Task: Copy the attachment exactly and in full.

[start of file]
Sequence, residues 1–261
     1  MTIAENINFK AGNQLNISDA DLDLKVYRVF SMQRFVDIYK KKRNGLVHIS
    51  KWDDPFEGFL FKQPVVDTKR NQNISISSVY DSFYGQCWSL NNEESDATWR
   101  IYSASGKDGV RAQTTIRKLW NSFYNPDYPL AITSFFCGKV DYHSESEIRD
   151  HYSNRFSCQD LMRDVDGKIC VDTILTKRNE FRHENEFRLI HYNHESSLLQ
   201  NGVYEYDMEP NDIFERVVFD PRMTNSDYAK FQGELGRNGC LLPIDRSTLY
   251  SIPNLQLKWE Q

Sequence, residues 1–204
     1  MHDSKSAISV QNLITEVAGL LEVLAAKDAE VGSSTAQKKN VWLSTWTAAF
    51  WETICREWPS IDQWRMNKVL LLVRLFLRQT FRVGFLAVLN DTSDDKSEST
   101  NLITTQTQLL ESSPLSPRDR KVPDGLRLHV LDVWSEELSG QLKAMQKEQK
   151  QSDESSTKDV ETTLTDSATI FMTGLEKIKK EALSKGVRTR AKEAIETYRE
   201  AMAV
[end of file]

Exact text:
Sequence, residues 1–261
     1  MTIAENINFK AGNQLNISDA DLDLKVYRVF SMQRFVDIYK KKRNGLVHIS
    51  KWDDPFEGFL FKQPVVDTKR NQNISISSVY DSFYGQCWSL NNEESDATWR
   101  IYSASGKDGV RAQTTIRKLW NSFYNPDYPL AITSFFCGKV DYHSESEIRD
   151  HYSNRFSCQD LMRDVDGKIC VDTILTKRNE FRHENEFRLI HYNHESSLLQ
   201  NGVYEYDMEP NDIFERVVFD PRMTNSDYAK FQGELGRNGC LLPIDRSTLY
   251  SIPNLQLKWE Q

Sequence, residues 1–204
     1  MHDSKSAISV QNLITEVAGL LEVLAAKDAE VGSSTAQKKN VWLSTWTAAF
    51  WETICREWPS IDQWRMNKVL LLVRLFLRQT FRVGFLAVLN DTSDDKSEST
   101  NLITTQTQLL ESSPLSPRDR KVPDGLRLHV LDVWSEELSG QLKAMQKEQK
   151  QSDESSTKDV ETTLTDSATI FMTGLEKIKK EALSKGVRTR AKEAIETYRE
   201  AMAV